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Gary Washburn | On Basketball

The Celtics let themselves down against Detroit, but there’s plenty of reason for All-Star break optimism

"I am looking forward to being a better version of Jaylen Brown going into the break," said the Celtics' top scorer Wednesday.Michael Dwyer/Associated Press

It’s difficult to really lay out the Celtics when they have been playing so well. The hope after Wednesday’s 112-111 loss to the lowly Pistons is that they learn that they can’t always rely on their talent to win. They strayed away from that habit over the past few weeks, but it returned against Detroit.

Boston had a golden opportunity to end its first half on a 10-game winning streak, with the players heading on their respective vacations knowing they had played like the best team in the NBA for the past two-plus weeks.

They remain one of the most impressive teams in the league. They’ve spent this month rising in the Eastern Conference, moving out of the play-in spots and vying for potential home-court advantage in the first round.

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This loss doesn’t ruin that good work, but it does slow the momentum slightly because the Celtics lost to an inferior team. The Pistons played well. They shot 56 percent and hit 10 threes in the second half. They bullied the Celtics on the boards, turning this into a slugfest — Jayson Tatum started pressing, trying to make plays and instead committing turnovers.

Tatum delivered more consitently down the stretch but missed a step-back 20-footer in the final seconds that would have won the game. Instead, the Celtics head to their sunny destinations with some disappointment, especially after such an impressive win Tuesday at Philadelphia.

This loss doesn’t erase that win, but it leaves the Celtics with a sliver of doubt. Detroit entered with a definitive game plan: play physical and crash the boards, knowing more shot opportunities would lead to more baskets.

The Pistons won because they attempted 16 more shots than the Celtics, punished any dribble penetration with physicality, and made some critical baskets.

“It definitely leaves a bad taste in your mouth going into the break,” said forward Jaylen Brown, who led Boston with 31 points. “They came ready to play and made some tough baskets down the stretch. They were the most deserving team tonight.”

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Jaylen Brown's path to the basket is blocked by Detroit's Isaiah Stewart during third quarter of Wednesday's game.Matthew J Lee/Globe staff

The Celtics were bitten by a bug that’s afflicted many top teams this season. They relaxed at home and lost inexplicably to a downtrodden team. That can be written off if the Celtics use this as fuel and motivation for their Feb. 24 return against the Brooklyn Nets.

The Celtics have 22 games left and ample opportunity to grab one of the top four seeds in the East. They have found a cohesive and productive style of play and, until Wednesday, showed that killer instinct and ability to close out games down the stretch.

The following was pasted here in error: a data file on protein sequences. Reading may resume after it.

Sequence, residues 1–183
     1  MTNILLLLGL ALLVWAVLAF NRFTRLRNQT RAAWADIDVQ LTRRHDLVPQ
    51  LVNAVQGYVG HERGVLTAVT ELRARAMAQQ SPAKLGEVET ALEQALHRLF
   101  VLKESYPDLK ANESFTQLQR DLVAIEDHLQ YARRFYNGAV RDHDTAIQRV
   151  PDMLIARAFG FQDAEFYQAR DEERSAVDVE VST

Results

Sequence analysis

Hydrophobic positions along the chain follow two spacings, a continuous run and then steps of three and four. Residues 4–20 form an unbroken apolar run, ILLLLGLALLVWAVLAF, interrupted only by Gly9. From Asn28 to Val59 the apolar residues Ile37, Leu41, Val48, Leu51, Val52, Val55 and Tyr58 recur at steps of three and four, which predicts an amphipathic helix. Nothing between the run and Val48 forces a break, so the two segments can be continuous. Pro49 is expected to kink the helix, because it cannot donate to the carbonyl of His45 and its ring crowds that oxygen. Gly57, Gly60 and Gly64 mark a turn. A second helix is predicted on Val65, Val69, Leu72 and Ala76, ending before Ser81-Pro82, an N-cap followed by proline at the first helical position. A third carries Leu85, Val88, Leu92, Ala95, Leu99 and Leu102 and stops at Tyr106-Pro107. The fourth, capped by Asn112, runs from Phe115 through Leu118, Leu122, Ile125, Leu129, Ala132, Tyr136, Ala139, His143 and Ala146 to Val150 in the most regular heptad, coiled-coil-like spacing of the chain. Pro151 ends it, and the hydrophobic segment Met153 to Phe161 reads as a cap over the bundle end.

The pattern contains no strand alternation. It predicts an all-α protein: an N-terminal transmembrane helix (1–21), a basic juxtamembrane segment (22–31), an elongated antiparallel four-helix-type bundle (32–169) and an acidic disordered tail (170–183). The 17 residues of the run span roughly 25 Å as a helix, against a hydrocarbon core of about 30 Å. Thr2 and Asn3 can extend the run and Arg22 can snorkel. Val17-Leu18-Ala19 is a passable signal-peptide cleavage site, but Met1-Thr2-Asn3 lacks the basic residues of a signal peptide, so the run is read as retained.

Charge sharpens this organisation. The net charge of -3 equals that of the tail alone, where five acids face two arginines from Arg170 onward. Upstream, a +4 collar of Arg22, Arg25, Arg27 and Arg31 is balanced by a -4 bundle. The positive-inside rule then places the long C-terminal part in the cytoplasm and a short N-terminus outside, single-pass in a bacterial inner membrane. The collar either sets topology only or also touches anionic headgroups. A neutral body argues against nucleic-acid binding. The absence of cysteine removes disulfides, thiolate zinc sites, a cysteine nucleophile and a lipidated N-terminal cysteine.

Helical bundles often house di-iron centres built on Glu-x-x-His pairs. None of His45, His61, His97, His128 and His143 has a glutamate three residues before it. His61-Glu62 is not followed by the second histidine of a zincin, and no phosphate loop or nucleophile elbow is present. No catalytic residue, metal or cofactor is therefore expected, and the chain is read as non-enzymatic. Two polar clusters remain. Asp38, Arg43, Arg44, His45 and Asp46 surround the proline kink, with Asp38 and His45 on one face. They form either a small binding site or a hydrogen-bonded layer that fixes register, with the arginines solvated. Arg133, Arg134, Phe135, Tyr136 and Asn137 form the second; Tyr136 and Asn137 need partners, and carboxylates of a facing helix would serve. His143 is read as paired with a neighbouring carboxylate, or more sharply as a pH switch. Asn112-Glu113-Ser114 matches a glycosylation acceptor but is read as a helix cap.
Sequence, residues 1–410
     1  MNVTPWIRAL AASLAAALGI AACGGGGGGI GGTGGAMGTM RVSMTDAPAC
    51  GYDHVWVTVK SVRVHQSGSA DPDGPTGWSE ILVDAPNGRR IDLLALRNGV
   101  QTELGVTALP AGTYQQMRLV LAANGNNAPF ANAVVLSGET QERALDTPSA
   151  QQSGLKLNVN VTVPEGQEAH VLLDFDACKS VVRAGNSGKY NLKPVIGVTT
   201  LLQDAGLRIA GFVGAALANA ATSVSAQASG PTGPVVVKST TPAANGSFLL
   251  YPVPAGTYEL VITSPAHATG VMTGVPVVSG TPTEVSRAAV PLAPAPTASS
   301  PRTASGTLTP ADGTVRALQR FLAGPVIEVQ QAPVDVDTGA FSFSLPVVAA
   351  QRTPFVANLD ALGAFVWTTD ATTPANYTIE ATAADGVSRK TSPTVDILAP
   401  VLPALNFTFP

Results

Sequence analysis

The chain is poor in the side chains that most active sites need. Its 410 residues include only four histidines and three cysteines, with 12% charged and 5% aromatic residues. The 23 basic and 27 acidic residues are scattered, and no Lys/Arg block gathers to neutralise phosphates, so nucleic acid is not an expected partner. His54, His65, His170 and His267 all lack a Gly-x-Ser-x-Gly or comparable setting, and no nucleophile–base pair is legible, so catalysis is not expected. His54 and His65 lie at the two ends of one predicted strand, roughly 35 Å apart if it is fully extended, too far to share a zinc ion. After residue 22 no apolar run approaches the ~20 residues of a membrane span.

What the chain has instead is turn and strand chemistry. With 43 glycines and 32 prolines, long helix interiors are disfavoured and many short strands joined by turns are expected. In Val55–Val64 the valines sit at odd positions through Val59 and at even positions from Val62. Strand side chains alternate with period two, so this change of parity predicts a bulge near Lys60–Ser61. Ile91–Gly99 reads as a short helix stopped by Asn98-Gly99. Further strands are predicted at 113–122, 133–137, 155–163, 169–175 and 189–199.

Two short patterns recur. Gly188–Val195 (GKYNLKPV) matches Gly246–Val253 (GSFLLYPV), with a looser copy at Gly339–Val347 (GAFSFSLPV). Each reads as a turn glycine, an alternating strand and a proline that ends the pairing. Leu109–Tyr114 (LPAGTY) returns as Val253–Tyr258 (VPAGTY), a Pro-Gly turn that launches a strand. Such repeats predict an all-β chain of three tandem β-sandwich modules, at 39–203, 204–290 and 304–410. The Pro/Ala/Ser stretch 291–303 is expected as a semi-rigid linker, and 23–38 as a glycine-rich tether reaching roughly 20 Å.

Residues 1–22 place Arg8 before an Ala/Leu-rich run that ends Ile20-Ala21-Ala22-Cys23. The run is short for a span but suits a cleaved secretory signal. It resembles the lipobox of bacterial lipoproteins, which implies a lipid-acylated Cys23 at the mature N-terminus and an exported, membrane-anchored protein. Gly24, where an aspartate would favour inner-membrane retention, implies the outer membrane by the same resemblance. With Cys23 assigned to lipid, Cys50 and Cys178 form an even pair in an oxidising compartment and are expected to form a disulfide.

Wednesday could be blamed on some uncanny shot-making by the Pistons. Saddiq Bey, whom the Celtics passed on in the 2020 draft, made a seemingly impossible step-back 3-pointer to beat the shot clock and Jerami Grant fired a line-drive triple that struck front rim and then crawled over into the basket.

“There was a lot of things we could have controlled and the second-chance points hurt us, little things like that kept adding up,” forward Al Horford said. “[We’re] not happy [now] but looking at it from a different way, we should obviously take some time off and there’s going to be an edge to us coming back. We’ve been playing good basketball, but coming back we understand we have to hold that standard and continue to play at a high level.”

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Wednesday is an indication that the Celtics are hardly a finished product. They are a flawed team, especially in close games. Marcus Smart (ankle) and Robert Williams (calf) were out and that did affect the rotations, but the Celtics were more than equipped to win despite that.

It’s time for the Celtics to take themselves seriously as an Eastern Conference contender.

“Definitely come back with an even more focused and aggressive mentality to get ready for the next game leading up to the playoffs,” Brown said. “That’s where we want to be. I am looking forward to being a better version of Jaylen Brown going into the break. We’ve got to focus on the positives but learn from the negatives and stay the course.”

Detroit's Marvin Bagley III dunks over Grant Williams in the first half Wednesday.Matthew J Lee/Globe staff

The encouraging news is the Celtics played their way back into the race in the East with this nine-game winning streak, ridding themselves of some locker room disruptions and players who weren’t good fits and replacing them with two players – Derrick White and Daniel Theis – who know their roles and will improve as they absorb the system.

So there’s every reason to be encouraged for the final stretch, regardless of what happened Wednesday. But there’s good that can come from this if the Celtics approach this correctly. They should be angry and disappointed because the chance was there to take a 10-game winning streak into the break.

Instead, coach Ime Udoka will spend his break going over game tape, detailing what went wrong and realizing that other teams will take a page from Detroit coach Dwane Casey and use physicality to offset the Celtics’ ball-moving offense. The Celtics need a break, but in a few days, it’s time to ramp up for what could be a memorable season-ending stretch and playoff run.

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Gary Washburn is a Globe columnist. He can be reached at gary.washburn@globe.com. Follow him @GwashburnGlobe.